I couldn’t help but compare the tone of this debate, featuring opposing parties, with the current way in which policy issues are debated in the US. First of all, it is my experience that the US has regressed from a culture of statesmanship, openness, honesty and factual debate, to name calling, soundbite one-upmanship, inflammatory media coverage and biased “political comment”. The US has moved far away from debating to find common ground and the best solutions, and has fallen face first into political infighting and obstructionism.

While no governmental process is perfect, I was definitely impressed with the quality of the debate and the tone in the room during this conference.  US politicians need to realign themselves with the original purpose of the democratic political process, which is not to get in power and stay in power, but to serve well the people of the nation, not just your party or your state or your own small constituency.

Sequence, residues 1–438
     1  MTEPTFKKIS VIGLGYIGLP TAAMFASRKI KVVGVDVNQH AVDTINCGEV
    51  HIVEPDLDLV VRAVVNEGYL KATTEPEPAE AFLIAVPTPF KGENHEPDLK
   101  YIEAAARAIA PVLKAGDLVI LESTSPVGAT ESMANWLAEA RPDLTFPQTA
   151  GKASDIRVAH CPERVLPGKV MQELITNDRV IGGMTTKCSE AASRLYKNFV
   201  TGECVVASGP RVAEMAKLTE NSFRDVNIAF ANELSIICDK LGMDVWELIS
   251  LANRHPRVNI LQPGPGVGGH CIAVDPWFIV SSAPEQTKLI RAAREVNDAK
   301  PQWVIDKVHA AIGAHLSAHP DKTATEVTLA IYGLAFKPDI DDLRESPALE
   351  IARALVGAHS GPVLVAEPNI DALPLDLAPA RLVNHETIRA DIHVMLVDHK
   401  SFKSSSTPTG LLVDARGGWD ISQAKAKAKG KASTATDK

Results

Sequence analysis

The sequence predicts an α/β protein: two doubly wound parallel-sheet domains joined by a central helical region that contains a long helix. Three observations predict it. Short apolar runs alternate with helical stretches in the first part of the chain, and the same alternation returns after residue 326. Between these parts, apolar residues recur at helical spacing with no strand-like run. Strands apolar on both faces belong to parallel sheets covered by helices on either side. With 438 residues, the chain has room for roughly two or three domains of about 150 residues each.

Tight Lines . . .

John R Childress

About johnrchildress